Thursday, January 17, 2013

Ten Clues That It is Time to Retire


I can tell you that I have retired twice.  First from the U.S. Navy after 24 years, and then from a city government job where I spent 11 years.

My time in the service was just okay.  I never felt like I completely fit in, but I was very successful.  I did not make friends easily and always concentrated on my work, often to the detriment of my family and personal affairs.  My goal was to get as much rank as I could by the time I retired in order to maximize my retirement pay.

When I didn't care enough to keep up with all the changes that were happening in the Navy, the rules, the technology, and the paperwork, I knew it was time to retire. I got tired of the job and badly needed a change of scenery, of responsibility and of people.  When the day came that I thought I could live on my retirement, I "put in my papers."

Now my job with city government came about by accident.  I was working "temporary" jobs and was sent out for an assignment with the city that lasted three months at forty hours a week.  By the time that assignment was over, I had "fit in" with the people and the routines.  The processes were similar to the Navy, but without the rank formalities.  There was less paperwork and fewer rules. The pay and benefits were pretty decent compared to the local economy, so I applied for a permanent position and was hired.  The best part of the job was that I had absolutely no supervisory duties.  Unlike the Navy, nobody worked for me.  I wasn't responsible for how others did their jobs. I was pretty content.   After eleven years I reached age 60 and decided it was again time to retire.  The age of 60 was when I was allowed to immediately begin drawing my retirement pay, so that was when I knew it was time to retire.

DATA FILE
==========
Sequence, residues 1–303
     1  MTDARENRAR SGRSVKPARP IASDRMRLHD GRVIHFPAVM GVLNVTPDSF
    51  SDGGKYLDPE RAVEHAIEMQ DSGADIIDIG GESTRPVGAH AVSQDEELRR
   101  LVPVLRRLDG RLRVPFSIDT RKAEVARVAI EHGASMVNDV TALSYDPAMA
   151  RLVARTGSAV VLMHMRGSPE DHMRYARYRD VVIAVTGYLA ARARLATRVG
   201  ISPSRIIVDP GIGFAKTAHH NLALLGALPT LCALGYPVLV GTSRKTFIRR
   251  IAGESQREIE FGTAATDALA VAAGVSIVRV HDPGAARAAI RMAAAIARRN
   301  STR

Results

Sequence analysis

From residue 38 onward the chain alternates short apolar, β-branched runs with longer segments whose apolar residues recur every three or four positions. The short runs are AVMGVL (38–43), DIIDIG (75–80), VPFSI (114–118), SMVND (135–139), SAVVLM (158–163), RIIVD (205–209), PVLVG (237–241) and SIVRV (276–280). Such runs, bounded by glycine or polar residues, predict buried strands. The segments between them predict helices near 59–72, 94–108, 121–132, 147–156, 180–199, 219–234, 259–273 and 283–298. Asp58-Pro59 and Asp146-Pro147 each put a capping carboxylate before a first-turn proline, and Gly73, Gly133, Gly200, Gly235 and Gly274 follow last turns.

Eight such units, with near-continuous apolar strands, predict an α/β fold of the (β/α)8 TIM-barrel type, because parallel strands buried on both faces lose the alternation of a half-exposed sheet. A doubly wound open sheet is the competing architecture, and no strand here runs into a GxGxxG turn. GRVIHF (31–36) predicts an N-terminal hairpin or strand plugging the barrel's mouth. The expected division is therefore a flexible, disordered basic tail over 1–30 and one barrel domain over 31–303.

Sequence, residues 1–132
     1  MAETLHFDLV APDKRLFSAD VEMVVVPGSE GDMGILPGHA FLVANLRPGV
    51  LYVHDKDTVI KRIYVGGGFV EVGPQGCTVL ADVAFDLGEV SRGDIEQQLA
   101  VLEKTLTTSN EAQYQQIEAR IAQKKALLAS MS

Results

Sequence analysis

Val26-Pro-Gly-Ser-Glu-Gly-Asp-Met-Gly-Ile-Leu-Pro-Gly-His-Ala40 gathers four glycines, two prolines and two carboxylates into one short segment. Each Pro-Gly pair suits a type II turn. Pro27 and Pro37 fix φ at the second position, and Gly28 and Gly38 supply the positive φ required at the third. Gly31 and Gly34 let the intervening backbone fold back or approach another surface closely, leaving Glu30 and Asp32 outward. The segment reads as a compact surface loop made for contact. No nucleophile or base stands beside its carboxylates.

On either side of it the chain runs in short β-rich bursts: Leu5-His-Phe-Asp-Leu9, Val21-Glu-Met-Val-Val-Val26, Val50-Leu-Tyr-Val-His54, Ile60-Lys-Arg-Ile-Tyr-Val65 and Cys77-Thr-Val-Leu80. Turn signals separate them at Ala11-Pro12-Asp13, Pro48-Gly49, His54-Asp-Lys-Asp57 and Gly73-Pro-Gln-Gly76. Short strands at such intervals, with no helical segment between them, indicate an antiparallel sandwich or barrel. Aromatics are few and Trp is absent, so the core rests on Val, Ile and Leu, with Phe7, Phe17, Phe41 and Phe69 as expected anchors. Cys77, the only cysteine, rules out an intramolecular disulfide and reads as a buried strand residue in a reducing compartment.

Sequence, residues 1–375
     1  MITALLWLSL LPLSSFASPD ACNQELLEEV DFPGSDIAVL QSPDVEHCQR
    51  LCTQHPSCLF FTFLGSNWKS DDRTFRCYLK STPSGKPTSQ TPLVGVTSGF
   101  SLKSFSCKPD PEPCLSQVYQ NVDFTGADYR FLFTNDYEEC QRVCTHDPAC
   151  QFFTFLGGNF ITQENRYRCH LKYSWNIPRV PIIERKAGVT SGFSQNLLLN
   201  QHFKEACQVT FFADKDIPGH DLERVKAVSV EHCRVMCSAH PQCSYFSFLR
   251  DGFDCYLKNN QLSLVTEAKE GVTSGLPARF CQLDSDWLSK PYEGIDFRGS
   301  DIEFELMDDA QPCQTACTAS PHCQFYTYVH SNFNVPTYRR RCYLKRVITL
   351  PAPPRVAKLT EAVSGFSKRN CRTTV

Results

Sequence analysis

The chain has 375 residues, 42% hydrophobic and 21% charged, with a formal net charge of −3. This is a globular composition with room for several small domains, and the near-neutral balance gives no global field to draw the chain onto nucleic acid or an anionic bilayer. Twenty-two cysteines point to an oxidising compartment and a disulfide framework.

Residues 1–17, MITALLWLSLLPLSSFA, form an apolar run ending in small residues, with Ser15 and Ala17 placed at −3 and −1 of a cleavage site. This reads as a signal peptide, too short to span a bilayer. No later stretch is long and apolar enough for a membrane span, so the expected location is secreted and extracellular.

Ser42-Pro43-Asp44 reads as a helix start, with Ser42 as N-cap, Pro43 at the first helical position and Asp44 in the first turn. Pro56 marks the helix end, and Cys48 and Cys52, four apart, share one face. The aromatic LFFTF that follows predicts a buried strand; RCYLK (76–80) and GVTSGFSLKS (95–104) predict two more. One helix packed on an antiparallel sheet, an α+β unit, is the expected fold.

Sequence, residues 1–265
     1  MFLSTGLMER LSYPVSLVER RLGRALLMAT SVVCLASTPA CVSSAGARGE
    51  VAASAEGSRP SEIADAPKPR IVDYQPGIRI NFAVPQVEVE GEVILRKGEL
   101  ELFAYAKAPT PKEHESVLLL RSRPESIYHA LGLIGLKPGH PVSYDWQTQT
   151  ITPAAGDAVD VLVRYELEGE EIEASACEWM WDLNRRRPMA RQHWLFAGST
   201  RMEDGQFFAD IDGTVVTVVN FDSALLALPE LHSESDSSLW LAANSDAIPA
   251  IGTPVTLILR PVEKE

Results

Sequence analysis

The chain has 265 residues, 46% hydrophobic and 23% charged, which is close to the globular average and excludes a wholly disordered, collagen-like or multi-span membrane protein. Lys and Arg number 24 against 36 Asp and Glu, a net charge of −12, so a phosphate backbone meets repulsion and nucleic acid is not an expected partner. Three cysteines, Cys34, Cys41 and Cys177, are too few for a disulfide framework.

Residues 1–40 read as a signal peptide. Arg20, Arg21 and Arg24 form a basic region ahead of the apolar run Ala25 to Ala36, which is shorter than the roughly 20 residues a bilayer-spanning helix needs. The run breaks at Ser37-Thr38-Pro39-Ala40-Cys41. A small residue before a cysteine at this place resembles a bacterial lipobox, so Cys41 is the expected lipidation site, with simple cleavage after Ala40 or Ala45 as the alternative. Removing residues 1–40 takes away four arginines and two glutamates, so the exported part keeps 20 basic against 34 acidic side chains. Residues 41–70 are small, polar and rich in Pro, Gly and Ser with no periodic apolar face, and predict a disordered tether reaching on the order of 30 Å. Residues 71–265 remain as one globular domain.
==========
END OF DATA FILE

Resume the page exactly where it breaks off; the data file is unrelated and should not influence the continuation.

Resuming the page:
Ten "clues" that it might be time to retire (based on a lot of my own experiences in other jobs too).

1.  You decline to attend training that is offered because it is optional.
2.  You rarely have anything to offer at staff meetings.
3.  Supervisors begin to ignore you.
4.  Subordinates begin to circumvent you.
5.  You feel like your are intentionally being "left out of the loop."
6.  The quirks of fellow workers become irritations.
7.  You can't imagine spending time with co-workers away from the job too.
8.  You turn down invitations to after-hour drinks or group lunches with co-workers.
9.  Co-workers don't invite you to their home social events, and you prefer it that way.
10. You detect that co-workers stop talking when you approach.

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1 comment:

Saul T Dogg said...

Doug - Great Blog! I agree with all the comments and have been there, done that. I particularly agree with the reasons you gave for getting out of the Navy. I got two wise old Chiefs. When I was starting out, one asked how I liked the Navy and if I planned to stay in. He said: You know its time to get out when you no longer like the Navy [for all the same reasons you gave.] Another said: It's time to retire when you can your Division Officer 'Son'. By the time I hung up my hat, I could call my Department Head 'Son'./hugh

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